Calls for a boycott of the February 9 local polls by the Interim Government of Ambazonia, and other Ambazonia leaders, fighting to restore the independence of former British colony, Southern Cameroons, were largely respected as polling stations remained scanty or deserted in some cases in the two Anglophone regions. Cosmetic measures put in place by the state and top personalities could only guarantee their safety and not that of the people concerned, reasons why many decided to stay at home. The Interim Government’s Communication Secretary Christopher Anu has told Voice of America, that it was a major victory for the Ambazonians.
But before the interview of Christopher Anu on VOA, Cameroon’s minister of territorial administration, Paul Atanga Nji, told the press in Yaounde on Sunday night that though they were some hitches observed, the polls took place as planned and that they are expecting results. “In all, 16,765 national and international observers witnessed the election, alongside 150 accredited journalists.” Atanga Nji revealed.
President Paul Biya after voting on Sunday in Yaounde told State media, CRTV, that the calls for boycott are coming from a “Minority political parties”, hence, it has no effect on the polls. The President further revealed that regional elections will hold in the near future, to polish Cameroon’s democratization process.
The head of Cameroons Election management body, ELECAM, Erik Essousse, has also said the all went well in all 10 regions. And contrary to declarations of the interior minister, the election boss said there were no hitches.
Ambazonia Fighters Mount RoadBlocks
Members of government and some political party leaders were opportune to be transported in armored cars and heavily guarded into election grounds but most places were deserted. Those who voted in Buea, Limbe, Kumba, Bamenda, Tiko, did so under tight security while separatist strongholds like Kumbo, Bafut, Batibo and some major towns were ‘out of bounds’. In Bafut subdivision, Mezam division in the North West region, two armored cars were bombarded with IED, while an armored car was attacked in Ekiliwindi, South West region.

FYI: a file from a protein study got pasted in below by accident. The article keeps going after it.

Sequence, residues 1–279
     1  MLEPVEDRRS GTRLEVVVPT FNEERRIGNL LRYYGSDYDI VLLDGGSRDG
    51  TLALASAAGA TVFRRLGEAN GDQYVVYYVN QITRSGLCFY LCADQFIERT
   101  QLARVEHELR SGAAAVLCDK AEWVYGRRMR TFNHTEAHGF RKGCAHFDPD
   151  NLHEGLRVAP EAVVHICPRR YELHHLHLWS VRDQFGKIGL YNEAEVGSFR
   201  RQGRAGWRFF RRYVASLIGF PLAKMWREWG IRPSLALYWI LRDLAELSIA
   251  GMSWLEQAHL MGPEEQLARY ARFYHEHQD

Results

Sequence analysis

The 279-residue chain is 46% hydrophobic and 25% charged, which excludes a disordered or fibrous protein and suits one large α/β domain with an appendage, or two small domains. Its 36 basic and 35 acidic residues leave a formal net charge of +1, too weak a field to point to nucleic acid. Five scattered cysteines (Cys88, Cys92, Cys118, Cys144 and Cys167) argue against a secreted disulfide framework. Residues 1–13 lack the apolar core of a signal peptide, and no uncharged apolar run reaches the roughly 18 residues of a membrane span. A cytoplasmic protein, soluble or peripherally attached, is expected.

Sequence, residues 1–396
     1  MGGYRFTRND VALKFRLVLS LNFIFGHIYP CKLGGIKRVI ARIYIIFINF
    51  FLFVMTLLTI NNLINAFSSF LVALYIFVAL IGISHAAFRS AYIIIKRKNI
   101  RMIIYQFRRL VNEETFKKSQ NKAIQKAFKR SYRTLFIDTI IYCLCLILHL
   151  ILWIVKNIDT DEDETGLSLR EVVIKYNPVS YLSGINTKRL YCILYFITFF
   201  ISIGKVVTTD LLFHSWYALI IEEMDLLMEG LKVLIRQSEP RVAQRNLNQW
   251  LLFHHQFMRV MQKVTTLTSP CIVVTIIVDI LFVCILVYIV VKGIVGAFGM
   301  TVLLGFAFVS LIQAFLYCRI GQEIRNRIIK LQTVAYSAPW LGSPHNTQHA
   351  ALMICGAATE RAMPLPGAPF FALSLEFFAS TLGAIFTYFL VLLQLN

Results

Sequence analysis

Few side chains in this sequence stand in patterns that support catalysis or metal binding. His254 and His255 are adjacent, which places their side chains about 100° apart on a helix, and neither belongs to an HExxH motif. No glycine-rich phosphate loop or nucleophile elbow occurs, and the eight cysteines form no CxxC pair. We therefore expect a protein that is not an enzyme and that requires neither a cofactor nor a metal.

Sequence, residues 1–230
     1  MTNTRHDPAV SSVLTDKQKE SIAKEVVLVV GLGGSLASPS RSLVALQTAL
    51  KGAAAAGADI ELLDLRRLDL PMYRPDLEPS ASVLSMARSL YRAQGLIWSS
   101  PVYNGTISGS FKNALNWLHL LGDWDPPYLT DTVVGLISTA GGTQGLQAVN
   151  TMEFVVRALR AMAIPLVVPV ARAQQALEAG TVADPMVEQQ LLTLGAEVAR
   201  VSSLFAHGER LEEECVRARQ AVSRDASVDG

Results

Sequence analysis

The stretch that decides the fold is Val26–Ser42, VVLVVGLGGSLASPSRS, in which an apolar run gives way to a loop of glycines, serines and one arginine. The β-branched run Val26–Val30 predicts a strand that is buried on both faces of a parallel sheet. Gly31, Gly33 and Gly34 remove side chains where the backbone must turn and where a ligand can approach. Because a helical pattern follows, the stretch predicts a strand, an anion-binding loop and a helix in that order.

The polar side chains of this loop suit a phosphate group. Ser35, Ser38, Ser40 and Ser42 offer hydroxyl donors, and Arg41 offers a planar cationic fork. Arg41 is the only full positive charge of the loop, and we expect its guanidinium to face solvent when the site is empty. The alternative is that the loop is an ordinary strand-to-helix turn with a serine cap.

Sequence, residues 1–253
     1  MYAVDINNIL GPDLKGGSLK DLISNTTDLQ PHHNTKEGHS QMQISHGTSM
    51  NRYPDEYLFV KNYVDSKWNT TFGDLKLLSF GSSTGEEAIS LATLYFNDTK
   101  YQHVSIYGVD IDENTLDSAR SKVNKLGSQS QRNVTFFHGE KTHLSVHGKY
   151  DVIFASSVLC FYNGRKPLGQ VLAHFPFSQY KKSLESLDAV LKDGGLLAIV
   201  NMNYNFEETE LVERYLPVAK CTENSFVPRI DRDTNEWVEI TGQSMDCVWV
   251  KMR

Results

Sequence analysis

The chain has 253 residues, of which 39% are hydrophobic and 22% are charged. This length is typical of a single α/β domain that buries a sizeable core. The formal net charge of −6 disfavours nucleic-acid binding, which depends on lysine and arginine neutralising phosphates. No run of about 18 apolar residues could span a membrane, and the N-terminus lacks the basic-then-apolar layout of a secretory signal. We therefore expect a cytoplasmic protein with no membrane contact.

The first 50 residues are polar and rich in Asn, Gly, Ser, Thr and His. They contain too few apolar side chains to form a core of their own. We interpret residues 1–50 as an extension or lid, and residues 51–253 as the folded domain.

Roadblocks were mounted, fire set on major road axis as locals remained indoors. The Ambazonians claim that over 98% of the people boycotted the polls.
Soldiers Drag Civilians To Polling Station
Hundreds were arrested in Bamali, Ndop in Ngoketundjia division, northwest region by soldiers, who forced the locals to cast their votes in polling stations randomly selected for them. From three corners to the Bamali Baptist Church, people were rounded-up and taken at gunpoint.
The same scenario was witnessed in Ntumbaw, a village in the Ndu subdivision, northwest region.
With the low turnout on Sunday’s polls, the leaders who will emerge from the exercise will be legally elected but will lack legitimacy throughout their term in office.
The Un Secretary-General recently called on the government of Cameroon to organize another dialogue which will have the Ambazonians on the same table. He lauded the initiative of October’s Major National Dialogue but said the results have not been up to the expectation of the international body.